Louis de BroglieLouis de Broglie was a critical link between the work of Albert Einstein and Max Born's statistical interpretation of quantum mechanics. But a quarter-century later, de Broglie's ideas were revived and re-interpreted by David Bohm as faster-than-light potentials and forces at a deeper level of reality than indeterministic quantum mechanics. Bohm saw these superluminal forces as instantaneous connections between all the particles of a "holistic" and deterministic universe. It was de Broglie who first argued that if light, which was thought to consist of continuous waves, is actually discrete particles (which Einstein called light quanta in 1905, later called photons), then matter, which is known to consist of discrete particles, might also have a continuous wave nature. Einstein enthusiastically endorsed d Broglie's view.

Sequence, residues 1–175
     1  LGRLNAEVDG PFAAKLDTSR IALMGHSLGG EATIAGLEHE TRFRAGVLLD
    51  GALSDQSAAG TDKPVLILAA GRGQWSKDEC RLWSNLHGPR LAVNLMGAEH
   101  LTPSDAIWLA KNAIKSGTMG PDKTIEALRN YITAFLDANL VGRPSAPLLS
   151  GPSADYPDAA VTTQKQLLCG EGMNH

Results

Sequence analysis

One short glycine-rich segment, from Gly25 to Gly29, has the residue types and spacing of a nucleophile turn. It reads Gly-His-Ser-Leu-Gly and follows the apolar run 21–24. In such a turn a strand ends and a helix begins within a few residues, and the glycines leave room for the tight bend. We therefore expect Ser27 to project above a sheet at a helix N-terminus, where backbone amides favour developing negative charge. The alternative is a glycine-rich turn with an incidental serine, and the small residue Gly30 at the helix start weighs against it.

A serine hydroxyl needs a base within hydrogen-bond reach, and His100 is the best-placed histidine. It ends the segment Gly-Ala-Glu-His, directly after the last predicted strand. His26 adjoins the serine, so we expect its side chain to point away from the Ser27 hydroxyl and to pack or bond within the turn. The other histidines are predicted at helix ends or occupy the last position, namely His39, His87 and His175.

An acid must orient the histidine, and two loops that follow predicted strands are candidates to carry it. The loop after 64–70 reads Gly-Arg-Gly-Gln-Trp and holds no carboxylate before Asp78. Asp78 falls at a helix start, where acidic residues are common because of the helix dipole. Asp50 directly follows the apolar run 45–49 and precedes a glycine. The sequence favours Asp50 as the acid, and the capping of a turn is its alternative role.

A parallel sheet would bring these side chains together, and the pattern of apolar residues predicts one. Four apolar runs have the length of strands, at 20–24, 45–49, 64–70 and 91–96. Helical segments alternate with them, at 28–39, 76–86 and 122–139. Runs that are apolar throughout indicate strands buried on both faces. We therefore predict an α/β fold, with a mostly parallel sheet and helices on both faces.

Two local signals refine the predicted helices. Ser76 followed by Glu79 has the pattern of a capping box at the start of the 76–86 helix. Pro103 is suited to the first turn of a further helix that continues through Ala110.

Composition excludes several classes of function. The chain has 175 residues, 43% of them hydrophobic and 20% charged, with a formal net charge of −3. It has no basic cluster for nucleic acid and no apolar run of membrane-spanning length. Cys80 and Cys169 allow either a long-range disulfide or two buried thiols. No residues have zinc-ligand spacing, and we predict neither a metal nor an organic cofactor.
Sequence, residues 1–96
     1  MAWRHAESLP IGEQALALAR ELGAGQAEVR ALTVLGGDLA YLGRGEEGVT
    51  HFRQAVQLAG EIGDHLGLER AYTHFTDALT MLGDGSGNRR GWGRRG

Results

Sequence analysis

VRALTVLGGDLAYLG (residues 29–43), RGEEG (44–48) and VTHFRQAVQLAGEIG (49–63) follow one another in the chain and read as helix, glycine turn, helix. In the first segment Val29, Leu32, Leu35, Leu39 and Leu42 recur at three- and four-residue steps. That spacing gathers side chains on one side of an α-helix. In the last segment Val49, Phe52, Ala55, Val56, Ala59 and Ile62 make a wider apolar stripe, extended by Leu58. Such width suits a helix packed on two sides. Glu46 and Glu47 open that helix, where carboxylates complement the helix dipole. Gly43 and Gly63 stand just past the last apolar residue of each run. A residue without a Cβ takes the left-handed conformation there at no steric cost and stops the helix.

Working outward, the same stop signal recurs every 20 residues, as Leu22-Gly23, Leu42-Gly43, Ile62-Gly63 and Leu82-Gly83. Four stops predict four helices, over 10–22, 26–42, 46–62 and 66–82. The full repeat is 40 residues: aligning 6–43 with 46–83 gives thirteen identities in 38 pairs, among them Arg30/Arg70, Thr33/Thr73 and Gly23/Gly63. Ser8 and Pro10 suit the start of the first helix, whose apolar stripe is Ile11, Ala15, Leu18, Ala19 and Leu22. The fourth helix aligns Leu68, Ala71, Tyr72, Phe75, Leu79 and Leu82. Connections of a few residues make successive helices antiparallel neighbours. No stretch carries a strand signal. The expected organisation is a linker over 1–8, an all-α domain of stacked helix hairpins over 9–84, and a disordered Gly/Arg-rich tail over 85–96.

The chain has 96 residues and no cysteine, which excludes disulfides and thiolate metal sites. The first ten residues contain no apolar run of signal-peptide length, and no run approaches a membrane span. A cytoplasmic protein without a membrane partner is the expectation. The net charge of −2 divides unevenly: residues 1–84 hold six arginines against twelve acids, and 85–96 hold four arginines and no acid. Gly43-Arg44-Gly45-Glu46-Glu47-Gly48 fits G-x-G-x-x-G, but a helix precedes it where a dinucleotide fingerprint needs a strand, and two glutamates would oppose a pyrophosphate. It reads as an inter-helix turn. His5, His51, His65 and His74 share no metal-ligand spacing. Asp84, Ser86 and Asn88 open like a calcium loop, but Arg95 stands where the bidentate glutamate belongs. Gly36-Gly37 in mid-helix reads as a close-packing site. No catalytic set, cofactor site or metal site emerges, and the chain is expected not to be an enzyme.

The fundamental idea of [my 1924 thesis] was the following: The fact that, following Einstein's introduction of photons in light waves, one knew that light contains particles which are concentrations of energy incorporated into the wave, suggests that all particles, like the electron, must be transported by a wave into which it is incorporated... My essential idea was to extend to all particles the coexistence of waves and particles discovered by Einstein in 1905 in the case of light and photons."De Broglie called the light wave "transporting" the photon a "pilot wave," where Einstein had called it a "ghost field" or "guiding field," without attributing any controlling energy, force, or impulse to the field. Einstein said that the light wave at some position is a measure of the probability of finding a light particle there, that is, the intensity of the light wave is proportional to the number of photons there. It may have been implicit in his 1905 light quantum hypothesis, as de Broglie seems to think. Although Einstein had described "ghost" and "guiding" fields to colleagues as early as 1921, we don't have specific quotes from Einstein until 1927 at the fifth Solvay conference, where he explains it in terms of the absolute square of Erwin Schrödinger's new wave function ψ.